I must start out with a load of thanks to my friend Scott Dolan of Missouri who sent me an interesting little aside which appealed to me so much that I decided to write an article on it... Here it goes : it seems recently a friend of Scott's sent him an e-mail and they were discussing the merits and functions of free jazz. They were talking about how odd it was that they both got quite similar feelings and reactions from the music ( which tends to be quite different from others who regularly listen to free jazz ), and most peculiar, the fact that we both felt that Albert Ayler's albums seemed to fly by in a flash, seemingly lasting for just a few minutes. After talking about the type of meditation that is involved when listening, especially to something as intense as Albert Ayler's music, his friend described it like this, he said: "You really don't think about it, you just try and clear your mind as much as possible, and then Ayler's subconscious and your subconscious sit down and have a little chat."
Well that's a neat way of putting it across I have distinctly felt my subconscious sitting down to chat with that of John Coltrane's or Miles Davis's or even Charles Lloyd's... that's one helluva saxophonist who has had an interesting career in Jazz. His colorful life seems to reflect glaringly on his music, much like the red-hot belly of an active volcano throwing up its angry shades onto a silvery cloud up above. My interesting friend Sujit introduced me, and a lot of other like-minded friends to this genius some months ago by playing some powerful improvisationally-sound and jazzily packaged numbers. I have listened to two of his albums, Forest Flower
and The Water Is Wide
and for lack of better description, let me come back to Scott's friend's idea and say that my subconscious did sit down and have a nice little chat with this flower-child who had renounced the world to become a Buddhist. That little excursion stretching over half a decade has punched a pretty hole in his recording and playing career of course. If any of the readers have more information on this genius please forward me some, for future chats with the subconscious...
Charles Lloyd's music to my mind, reflects a little of his own special persona : well the cynics may call this perhaps running away with my imagination, but somehow I have come to believe in this human trait, and I know it borders on the plain superstitious, that what one does as an occupation does reflect on one's face and even in articulation including the creative expression... three decades ago I had read a similar poem penned by a gifted lady by the name of Chitralekha, probably from Chennai in South India, who had stressed the fact the butchers' face indeed starts looking like a pig's or a bull's after years of trade, or a flower-seller lady seems to radiate smiles like a flower... so on. Similarly, the intriguing persona of Charles Lloyd seems to come through knowing so little about him, all I can do whilst listening to his magical improvisations on the tenor sax, try and decipher what all he must have gone through in his various avatars including the stint as a flower child during the 70s. There is a mystique in his music, without an iota of doubt.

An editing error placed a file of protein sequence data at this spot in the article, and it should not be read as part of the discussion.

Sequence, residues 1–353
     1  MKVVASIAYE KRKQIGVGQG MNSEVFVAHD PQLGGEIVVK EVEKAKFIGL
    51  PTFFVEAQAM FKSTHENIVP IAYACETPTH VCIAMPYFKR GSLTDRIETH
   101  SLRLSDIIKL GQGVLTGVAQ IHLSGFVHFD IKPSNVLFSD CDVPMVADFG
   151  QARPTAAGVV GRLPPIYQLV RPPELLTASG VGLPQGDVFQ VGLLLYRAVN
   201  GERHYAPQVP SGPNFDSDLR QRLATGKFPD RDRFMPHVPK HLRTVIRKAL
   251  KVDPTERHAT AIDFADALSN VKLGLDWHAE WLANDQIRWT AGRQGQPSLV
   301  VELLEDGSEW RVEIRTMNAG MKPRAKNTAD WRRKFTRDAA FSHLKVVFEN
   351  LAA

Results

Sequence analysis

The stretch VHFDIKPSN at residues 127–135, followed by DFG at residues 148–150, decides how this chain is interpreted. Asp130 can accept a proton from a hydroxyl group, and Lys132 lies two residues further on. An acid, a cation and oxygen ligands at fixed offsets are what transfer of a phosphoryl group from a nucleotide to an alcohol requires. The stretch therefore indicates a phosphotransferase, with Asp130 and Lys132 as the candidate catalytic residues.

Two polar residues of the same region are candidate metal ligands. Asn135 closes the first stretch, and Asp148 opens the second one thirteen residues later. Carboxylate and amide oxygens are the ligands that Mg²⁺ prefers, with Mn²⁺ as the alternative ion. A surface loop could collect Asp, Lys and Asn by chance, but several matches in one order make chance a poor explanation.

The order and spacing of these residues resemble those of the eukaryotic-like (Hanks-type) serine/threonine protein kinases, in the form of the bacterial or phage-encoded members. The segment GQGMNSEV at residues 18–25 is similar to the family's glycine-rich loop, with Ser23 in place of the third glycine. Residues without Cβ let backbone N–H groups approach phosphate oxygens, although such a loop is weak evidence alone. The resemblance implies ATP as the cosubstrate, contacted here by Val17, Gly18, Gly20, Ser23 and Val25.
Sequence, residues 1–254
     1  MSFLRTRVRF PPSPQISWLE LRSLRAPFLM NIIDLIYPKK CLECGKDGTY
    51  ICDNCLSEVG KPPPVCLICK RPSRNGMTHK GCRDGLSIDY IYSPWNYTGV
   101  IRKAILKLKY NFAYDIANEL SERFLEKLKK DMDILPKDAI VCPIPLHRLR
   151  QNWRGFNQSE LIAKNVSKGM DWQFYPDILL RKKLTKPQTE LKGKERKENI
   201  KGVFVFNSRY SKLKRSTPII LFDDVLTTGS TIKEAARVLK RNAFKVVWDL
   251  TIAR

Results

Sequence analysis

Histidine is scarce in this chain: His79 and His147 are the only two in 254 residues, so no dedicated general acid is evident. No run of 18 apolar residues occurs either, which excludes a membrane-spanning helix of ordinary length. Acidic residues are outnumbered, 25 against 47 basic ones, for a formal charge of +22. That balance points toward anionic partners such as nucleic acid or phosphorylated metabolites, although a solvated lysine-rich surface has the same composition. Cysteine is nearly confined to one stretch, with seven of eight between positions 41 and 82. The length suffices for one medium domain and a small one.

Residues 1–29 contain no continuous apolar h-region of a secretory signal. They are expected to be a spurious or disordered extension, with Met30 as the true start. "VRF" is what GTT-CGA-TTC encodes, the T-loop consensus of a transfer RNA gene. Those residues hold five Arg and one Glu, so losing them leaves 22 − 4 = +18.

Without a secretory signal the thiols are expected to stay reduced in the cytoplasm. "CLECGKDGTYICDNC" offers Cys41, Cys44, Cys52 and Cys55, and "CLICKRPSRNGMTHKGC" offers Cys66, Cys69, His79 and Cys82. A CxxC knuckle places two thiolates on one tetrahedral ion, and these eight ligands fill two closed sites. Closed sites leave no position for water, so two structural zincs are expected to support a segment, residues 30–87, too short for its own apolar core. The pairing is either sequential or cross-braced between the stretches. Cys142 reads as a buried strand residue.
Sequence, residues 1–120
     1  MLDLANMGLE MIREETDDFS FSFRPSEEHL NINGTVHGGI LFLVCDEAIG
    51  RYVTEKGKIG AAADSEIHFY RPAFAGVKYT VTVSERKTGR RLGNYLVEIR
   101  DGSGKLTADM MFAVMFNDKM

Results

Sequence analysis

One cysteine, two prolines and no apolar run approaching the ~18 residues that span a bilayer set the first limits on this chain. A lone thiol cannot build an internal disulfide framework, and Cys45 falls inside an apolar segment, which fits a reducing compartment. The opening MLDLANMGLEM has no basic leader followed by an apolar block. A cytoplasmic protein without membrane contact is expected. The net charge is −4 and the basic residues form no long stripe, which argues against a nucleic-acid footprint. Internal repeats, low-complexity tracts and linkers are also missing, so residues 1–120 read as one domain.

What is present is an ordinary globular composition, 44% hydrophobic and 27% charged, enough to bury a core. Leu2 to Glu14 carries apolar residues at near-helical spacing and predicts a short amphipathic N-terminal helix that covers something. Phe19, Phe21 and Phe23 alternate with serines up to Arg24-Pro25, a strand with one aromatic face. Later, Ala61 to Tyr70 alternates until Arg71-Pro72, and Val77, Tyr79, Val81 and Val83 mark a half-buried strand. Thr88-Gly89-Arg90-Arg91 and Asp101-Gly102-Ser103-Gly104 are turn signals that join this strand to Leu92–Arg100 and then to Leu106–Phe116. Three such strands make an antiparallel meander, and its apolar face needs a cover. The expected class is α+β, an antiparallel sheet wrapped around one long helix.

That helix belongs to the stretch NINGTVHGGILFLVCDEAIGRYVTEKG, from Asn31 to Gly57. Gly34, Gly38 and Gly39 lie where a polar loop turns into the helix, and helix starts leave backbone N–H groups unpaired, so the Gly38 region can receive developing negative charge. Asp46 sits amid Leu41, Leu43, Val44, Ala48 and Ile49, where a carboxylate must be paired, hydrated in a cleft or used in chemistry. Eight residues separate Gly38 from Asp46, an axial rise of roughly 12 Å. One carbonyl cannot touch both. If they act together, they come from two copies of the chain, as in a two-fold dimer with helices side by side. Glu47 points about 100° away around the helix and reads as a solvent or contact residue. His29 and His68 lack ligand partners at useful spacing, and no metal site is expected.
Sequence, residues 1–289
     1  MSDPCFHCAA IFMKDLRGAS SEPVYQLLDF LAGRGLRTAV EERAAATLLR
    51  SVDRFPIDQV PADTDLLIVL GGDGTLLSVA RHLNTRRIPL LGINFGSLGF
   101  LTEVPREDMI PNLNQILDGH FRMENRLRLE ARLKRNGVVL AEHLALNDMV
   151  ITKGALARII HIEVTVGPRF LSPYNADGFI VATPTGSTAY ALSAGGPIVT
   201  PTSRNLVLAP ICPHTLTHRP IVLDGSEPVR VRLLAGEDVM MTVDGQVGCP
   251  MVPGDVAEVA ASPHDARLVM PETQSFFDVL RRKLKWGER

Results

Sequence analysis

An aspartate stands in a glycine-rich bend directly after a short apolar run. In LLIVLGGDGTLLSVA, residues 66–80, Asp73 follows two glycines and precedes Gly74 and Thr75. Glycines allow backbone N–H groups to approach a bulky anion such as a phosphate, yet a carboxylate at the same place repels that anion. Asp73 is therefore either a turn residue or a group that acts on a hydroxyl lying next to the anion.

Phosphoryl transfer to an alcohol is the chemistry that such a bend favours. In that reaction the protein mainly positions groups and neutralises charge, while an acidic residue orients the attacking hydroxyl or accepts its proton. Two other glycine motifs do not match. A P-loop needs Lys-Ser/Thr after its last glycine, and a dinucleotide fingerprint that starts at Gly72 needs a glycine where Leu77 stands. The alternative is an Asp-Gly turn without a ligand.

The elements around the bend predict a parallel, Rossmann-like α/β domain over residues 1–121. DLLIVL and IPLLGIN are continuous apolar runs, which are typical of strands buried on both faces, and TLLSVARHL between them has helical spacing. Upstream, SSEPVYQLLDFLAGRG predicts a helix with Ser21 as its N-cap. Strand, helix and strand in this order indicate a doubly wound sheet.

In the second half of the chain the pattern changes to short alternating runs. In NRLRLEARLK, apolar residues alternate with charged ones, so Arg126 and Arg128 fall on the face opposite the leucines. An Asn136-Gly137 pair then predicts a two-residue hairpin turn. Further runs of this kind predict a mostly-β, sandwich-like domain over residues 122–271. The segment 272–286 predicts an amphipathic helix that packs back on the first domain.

Which brings to my mind Buddy Bolden the cornet player who revolutionized Jazz during the turn of the Century [the one before the World War I, not the millennium one!] when it was still in a fluid state and was absorbing a lot of influences from the marching bands on the streets, and the small combo's playing at various clubs. Michael Ondaatje, a gifted writer who won the famous Booker Prize for his highly original and hard-hitting novel The English Patient
, wrote his first novel about a jazzman! Buddy Bolden, according to him, provided a powerful impetus to jazz with his lyrical playing and as I understand, he brought out the importance of the solo instrument within the confines of the band performing a tune this may be a debatable point but then sadly, Bolden has never been recorded [though the name definitely rings a bell, and I am sure I have heard him play with some bands on the radio].
Anyway, for those who enjoy a good read, and like to get into the head of a character, Bolden has been painted in gruesome colors by Ondaatje, a complex character driven by forces and hungers he little understood or controlled, and a prey to a lot of weaknesses : his life seems pretty close to that of a typical rocker, rather than a serious jazzman somehow. There's a dark world there, in this book, which has been lent an eerie shade by the author who has written it in a unique style. He narrates the story, without any quotes, and though that does give rise to a bit of confusion now and then, on the whole the unique idea has lent the story a life all its own. A compulsive read indeed.